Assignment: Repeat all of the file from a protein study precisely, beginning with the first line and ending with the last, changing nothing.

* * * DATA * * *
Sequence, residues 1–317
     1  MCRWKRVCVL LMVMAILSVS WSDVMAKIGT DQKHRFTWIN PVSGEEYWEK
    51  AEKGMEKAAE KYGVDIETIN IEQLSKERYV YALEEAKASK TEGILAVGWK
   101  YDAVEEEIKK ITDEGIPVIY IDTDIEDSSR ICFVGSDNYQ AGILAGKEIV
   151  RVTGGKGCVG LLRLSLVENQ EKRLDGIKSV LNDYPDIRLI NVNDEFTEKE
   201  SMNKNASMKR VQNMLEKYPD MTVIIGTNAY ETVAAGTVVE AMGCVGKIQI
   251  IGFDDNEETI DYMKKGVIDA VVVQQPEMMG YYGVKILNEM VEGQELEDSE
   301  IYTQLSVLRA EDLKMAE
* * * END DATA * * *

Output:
Sequence, residues 1–317
     1  MCRWKRVCVL LMVMAILSVS WSDVMAKIGT DQKHRFTWIN PVSGEEYWEK
    51  AEKGMEKAAE KYGVDIETIN IEQLSKERYV YALEEAKASK TEGILAVGWK
   101  YDAVEEEIKK ITDEGIPVIY IDTDIEDSSR ICFVGSDNYQ AGILAGKEIV
   151  RVTGGKGCVG LLRLSLVENQ EKRLDGIKSV LNDYPDIRLI NVNDEFTEKE
   201  SMNKNASMKR VQNMLEKYPD MTVIIGTNAY ETVAAGTVVE AMGCVGKIQI
   251  IGFDDNEETI DYMKKGVIDA VVVQQPEMMG YYGVKILNEM VEGQELEDSE
   301  IYTQLSVLRA EDLKMAE